#################################################################
# Internet (tun0)

# block and log spoofing non-routable addresses

block in log quick on $ExtIF from $NoGoIPs to any
block out log quick on $ExtIF from any to $NoGoIPs

# block and log all incoming packets

block in log on $ExtIF all

pass in log-all on $ExtIF inet proto tcp from any to $rdrIPs port $rdrPorts keep state
pass in log-all on $ExtIF inet proto udp from any to $rdrIPs port $rdrPorts keep state

# block and log all outgoing packets

block out log on $ExtIF all

# allow TCP IPv4 connections to the outside world, keep state

pass out log-all on $ExtIF inet proto tcp all flags S/SA modulate state
pass out log-all on $ExtIF inet proto { udp, icmp } all keep state

Previously in this series:

Securing Small Networks with OpenBSD, Part 1 -- Small networks are often more vulnerable than large ones because they lack the money to implement good security. Artymiak Jacek explains how to secure a small network on a tight budget.

Securing Small Networks With OpenBSD, Part 2 -- OpenBSD switched from using IPFilter as its default firewall to PF, or Packet Filter, as the new default. Jacek Artymiak explains how to make a smooth transition from ipf to pf.

Securing Small Networks With OpenBSD, Part 3 -- In the third installment of our series on OpenBSD networking, Jacek Artymiak examines pf rules and potential sendmail problems.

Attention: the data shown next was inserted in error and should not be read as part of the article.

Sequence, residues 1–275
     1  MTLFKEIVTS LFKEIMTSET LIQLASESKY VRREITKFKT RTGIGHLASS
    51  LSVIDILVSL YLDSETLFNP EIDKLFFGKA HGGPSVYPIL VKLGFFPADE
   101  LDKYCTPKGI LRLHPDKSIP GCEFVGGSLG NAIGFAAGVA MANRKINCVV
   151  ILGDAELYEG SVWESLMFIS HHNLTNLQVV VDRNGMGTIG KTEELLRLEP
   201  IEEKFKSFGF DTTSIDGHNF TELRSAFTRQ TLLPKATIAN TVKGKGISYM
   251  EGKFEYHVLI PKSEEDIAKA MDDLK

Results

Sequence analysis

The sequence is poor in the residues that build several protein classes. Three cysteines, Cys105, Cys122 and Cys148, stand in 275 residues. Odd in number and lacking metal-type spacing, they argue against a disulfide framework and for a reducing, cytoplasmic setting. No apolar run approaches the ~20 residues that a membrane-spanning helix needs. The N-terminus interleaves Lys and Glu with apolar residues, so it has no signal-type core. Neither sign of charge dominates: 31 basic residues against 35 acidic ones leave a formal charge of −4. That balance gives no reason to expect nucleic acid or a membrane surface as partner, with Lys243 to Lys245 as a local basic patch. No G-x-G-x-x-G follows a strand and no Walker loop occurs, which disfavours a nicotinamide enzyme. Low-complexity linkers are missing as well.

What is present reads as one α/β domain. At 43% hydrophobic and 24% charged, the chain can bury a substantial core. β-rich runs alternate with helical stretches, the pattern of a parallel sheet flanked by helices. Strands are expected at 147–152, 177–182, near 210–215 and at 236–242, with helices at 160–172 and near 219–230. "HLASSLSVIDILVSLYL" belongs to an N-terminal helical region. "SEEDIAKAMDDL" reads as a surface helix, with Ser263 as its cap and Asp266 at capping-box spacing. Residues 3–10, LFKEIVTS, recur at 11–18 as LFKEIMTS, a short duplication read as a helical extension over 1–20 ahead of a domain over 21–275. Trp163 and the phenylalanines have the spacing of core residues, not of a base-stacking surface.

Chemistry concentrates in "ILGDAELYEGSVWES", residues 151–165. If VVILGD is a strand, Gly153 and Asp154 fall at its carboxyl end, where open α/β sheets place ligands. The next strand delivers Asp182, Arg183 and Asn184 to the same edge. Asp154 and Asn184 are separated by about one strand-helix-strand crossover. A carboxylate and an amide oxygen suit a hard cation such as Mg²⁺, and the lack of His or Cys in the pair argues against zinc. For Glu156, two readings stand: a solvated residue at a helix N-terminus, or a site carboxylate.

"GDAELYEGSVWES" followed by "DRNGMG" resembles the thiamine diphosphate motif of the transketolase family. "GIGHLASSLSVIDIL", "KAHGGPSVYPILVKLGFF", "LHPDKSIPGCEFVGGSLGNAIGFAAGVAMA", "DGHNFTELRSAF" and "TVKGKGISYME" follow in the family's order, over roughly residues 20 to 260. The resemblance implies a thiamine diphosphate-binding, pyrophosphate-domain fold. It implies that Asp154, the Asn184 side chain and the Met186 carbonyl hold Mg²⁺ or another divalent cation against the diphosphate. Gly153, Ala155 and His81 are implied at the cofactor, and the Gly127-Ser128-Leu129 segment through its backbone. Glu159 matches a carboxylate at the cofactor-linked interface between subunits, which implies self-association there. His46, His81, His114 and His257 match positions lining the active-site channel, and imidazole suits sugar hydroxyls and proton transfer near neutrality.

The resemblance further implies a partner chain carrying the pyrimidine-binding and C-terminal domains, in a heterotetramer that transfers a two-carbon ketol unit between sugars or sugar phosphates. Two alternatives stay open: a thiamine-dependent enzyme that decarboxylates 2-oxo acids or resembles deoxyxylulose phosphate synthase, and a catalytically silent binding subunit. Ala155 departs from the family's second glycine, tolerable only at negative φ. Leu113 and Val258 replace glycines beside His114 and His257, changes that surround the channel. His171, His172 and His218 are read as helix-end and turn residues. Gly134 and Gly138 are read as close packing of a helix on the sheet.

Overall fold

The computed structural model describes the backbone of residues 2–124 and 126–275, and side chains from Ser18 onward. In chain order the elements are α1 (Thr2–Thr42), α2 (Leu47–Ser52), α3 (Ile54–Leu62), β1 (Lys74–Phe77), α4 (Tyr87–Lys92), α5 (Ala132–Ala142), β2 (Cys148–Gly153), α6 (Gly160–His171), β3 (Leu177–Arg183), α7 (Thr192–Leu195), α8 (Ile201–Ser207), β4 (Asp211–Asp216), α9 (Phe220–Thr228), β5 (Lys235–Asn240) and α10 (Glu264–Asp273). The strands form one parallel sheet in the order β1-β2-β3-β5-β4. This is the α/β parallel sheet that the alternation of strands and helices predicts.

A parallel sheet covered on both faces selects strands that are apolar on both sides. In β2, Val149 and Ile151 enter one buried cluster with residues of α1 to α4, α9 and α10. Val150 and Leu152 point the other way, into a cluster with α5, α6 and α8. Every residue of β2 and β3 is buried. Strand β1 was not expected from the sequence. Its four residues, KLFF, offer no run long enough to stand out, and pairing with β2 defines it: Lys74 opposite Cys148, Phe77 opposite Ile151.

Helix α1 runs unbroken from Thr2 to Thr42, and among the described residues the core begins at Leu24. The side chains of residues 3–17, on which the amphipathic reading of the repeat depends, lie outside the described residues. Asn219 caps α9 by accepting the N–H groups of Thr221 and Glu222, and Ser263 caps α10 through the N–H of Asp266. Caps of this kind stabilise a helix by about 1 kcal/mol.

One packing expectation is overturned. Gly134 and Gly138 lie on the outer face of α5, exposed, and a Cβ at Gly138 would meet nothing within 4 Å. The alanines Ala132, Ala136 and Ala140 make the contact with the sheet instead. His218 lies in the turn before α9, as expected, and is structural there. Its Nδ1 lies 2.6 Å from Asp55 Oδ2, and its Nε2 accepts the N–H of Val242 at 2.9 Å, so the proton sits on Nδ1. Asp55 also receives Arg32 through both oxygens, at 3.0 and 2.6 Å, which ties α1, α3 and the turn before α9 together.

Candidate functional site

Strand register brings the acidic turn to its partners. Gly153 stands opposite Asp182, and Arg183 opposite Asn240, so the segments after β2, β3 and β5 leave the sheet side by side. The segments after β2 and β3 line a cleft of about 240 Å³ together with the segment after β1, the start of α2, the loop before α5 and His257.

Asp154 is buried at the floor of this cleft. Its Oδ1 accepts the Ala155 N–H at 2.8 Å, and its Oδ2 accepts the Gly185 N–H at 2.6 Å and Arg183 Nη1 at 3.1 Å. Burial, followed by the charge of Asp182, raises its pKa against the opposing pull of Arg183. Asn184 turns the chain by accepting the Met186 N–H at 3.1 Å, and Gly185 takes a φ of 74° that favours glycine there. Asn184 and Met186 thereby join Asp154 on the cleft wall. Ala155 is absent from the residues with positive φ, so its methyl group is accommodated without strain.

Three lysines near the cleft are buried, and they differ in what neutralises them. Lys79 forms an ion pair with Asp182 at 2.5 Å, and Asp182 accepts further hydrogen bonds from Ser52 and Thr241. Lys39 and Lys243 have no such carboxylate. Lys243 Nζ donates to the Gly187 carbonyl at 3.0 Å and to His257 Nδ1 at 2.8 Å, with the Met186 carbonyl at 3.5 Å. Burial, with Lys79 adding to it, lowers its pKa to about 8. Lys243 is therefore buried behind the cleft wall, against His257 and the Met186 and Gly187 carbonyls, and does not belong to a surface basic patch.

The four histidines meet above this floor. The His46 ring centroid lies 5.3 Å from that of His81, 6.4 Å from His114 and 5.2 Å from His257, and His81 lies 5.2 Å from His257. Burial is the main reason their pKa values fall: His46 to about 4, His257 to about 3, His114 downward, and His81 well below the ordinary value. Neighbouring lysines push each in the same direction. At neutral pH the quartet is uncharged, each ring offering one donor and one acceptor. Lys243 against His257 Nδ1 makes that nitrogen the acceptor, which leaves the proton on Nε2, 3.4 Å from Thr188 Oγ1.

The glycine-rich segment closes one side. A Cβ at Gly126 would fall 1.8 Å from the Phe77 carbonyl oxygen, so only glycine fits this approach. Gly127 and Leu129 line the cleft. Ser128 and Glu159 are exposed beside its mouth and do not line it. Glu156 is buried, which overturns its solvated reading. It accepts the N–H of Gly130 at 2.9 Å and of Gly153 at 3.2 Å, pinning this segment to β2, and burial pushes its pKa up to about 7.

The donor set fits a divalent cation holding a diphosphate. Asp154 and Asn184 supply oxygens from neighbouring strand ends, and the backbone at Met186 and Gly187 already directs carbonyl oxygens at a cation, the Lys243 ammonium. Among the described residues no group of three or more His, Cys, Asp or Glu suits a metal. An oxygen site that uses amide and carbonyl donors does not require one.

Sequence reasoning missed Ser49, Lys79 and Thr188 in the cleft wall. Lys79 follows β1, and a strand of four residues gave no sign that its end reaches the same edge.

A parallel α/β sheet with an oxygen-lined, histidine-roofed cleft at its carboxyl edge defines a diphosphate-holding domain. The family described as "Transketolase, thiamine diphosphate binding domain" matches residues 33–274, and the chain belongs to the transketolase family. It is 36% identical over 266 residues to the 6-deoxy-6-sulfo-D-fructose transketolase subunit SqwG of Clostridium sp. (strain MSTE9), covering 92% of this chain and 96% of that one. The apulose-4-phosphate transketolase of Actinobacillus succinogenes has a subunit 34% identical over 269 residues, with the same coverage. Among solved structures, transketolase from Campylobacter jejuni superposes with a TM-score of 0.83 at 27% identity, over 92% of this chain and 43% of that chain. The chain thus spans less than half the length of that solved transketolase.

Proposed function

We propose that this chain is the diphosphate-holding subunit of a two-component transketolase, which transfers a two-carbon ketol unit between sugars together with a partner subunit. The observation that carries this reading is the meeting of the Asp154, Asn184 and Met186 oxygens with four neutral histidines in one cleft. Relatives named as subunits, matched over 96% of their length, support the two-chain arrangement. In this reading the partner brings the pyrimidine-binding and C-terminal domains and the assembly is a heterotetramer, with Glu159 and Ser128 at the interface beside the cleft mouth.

But if we are really concerned about security, shouldn't we be logging all packets arriving and leaving on all interfaces on the firewall? Ideally, yes, because that is the only way to ensure that you know what goes on over the boundary between your network and the rest of the world. But in such cases, you need to construct an efficient system for automated log analysis and management. Log files grow fast and take up a lot of storage space; it is essential that you gather only as much data as you can analyze.

OK, suppose that you decide to log all traffic on all interfaces. The first thing you need to do is turn global logging on by adding the log or log-all keywords (where appropriate) to every rule for every external interface on the firewall (ne0, ne1, tun0, or whatever the names of the interfaces that you are telling pf to monitor are). Load those new rules into pf, as described earlier in this article, and check that the packets are being logged into /var/log/pflog with:

# /usr/sbin/tcpdump -r /var/log/pflog